Notes From Hairenik
Last Sunday I had the rare opportunity to visit the Cosmic Ray Division of the Alikhanyan Yerevan Physics Institute and the Byurakan Astrophysical Observatory on Sunday with a group comprised mostly of my fellow employees. It was a fascinating day to say the least.

The Cosmic Ray Division's undertakings are performed in a campus of about a dozen or so buildings near the top of Mt. Aragats, the tallest mountain in Armenia. Adjacent to the campus is the lake, which is undoubtedly higher than Lake Sevan in terms of altitude but is more the size of a large pond, which incidentally contains "sig" fish. There is a network of tunnels connecting most buildings allowing the technicians to walk between them during the most brutal of conditions there--the site is covered with snow for nearly 10 months of the year. As soon as I started walking around the place I remembered Joe Dagdigian of the Lowell, Massachusetts area who often seeks the support of Armenian community members to keep the campus functioning.

Basically the Cosmic Ray Division is concerned with primarily two things--measuring particles that enter the earth's atmosphere from outer space and studying the charge they have. It is one of only five such institutes that do the same kind of research in the world. The institute also studies weather patterns. According to the "What's On In Physics Web" site, the institute recently won the UN's World Summit on Information Society Award. We were given a tour over most of the complex, where we were able to see a few currently running projects as well as one massive undertaking that was to employ a 3,000 tonne magnet in an underground bunker of sorts, but was never realized due to the break up of the Soviet Union. Aside from government funding, which I can just imagine is fairly meager, the institute relies on foreign assistance, from the Japanese for instance.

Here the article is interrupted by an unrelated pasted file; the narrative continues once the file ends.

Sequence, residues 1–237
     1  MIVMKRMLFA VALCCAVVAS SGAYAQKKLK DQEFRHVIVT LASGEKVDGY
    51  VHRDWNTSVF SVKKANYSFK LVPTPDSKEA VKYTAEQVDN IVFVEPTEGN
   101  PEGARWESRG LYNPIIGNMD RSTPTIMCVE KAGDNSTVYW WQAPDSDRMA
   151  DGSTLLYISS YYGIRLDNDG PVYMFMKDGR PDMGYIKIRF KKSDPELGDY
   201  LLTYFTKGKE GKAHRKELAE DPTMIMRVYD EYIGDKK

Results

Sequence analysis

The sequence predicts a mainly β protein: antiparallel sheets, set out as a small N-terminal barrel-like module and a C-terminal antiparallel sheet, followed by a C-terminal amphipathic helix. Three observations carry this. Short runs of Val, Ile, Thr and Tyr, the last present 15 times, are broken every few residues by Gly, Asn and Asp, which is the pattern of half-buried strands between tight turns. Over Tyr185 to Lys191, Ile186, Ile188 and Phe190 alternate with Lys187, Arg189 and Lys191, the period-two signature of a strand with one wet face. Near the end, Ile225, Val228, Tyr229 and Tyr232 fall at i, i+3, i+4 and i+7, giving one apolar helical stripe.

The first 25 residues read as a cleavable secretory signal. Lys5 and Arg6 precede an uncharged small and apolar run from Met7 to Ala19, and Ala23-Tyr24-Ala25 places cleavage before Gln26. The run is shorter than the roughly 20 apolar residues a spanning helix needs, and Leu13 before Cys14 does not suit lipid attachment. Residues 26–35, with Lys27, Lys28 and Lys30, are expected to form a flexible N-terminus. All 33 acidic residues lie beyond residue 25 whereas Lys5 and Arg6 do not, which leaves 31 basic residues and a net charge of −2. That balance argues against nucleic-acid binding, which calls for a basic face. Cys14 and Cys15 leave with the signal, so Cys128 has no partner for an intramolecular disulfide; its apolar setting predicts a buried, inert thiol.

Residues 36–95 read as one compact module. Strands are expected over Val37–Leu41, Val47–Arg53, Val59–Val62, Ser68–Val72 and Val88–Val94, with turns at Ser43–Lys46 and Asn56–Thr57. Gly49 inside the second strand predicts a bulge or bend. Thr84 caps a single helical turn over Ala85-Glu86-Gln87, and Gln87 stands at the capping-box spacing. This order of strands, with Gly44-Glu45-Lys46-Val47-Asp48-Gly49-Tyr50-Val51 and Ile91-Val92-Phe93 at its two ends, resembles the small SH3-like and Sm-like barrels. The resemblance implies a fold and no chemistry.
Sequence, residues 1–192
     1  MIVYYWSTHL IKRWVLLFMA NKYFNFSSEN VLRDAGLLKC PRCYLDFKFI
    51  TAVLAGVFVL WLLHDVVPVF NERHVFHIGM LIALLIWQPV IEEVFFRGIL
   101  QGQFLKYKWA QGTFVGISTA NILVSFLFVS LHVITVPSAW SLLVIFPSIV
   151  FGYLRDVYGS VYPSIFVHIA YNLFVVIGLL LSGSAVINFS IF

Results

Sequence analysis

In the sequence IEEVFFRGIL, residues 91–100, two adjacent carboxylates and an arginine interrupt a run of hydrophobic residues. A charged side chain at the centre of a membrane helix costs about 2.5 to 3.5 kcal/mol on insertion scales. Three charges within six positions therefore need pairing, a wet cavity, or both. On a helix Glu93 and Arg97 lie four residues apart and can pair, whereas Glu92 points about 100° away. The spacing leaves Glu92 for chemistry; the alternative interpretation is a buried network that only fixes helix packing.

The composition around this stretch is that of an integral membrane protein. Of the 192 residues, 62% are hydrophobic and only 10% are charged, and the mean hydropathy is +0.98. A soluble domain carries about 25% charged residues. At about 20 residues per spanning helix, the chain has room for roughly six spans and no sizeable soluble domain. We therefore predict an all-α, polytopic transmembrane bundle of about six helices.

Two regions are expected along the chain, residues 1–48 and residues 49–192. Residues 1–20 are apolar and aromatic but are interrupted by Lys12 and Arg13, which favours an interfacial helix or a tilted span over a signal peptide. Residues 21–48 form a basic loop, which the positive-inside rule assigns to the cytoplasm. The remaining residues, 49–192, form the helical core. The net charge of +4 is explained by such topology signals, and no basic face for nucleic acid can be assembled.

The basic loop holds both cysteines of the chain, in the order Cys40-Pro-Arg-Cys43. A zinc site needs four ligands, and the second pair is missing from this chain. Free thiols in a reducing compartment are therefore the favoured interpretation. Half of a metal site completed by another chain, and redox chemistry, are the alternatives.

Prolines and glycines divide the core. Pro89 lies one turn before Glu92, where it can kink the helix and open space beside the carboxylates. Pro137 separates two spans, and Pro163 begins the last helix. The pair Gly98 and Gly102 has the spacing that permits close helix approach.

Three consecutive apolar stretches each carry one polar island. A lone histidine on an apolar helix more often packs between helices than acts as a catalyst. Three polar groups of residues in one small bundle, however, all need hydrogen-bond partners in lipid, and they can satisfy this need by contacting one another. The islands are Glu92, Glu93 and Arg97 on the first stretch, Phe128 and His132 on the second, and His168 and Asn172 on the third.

At Byurakan, located about 1,000 meters or so from the base of Mt. Aragats, there are five telescopes in all, the largest being a massive 2.6 m cassegrain reflector. The site was under the direction of Viktor Hambardzumyan,--who was one of the greatest astrophysicists of the Soviet Union--since it was founded in 1946. I was able to enter the building which contained that telescope, but unfortunately we could not see it in action as it was too early to view any stellar objects. But by the time we reached one of the smaller telescopes, the stars and planets--namely Jupiter--were waiting for us to gaze upon them. That telescope had about four different viewfinders, one of which gave a direct magnified view of the object that was focused upon while the others displayed alternate views presented through reflecting mirrors. Incidentally, the observatory campus is a great park full of orchards and rare trees not indigenous to Armenia. Simply strolling around there was a pleasure.

You can visit the Byurakan Observatory's Web site here.

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Blogger Ara said...
I love that place. I visited it the first time in the early 90's. I have a picture sitting at the control panel of the big dish is used to listen to things in outerspace. It looked at that time like the control room on the Star Ship Enterpirse, dials and all.

Those who make their way to Armenia should go out of there way to visit that place. Well worth the trip.

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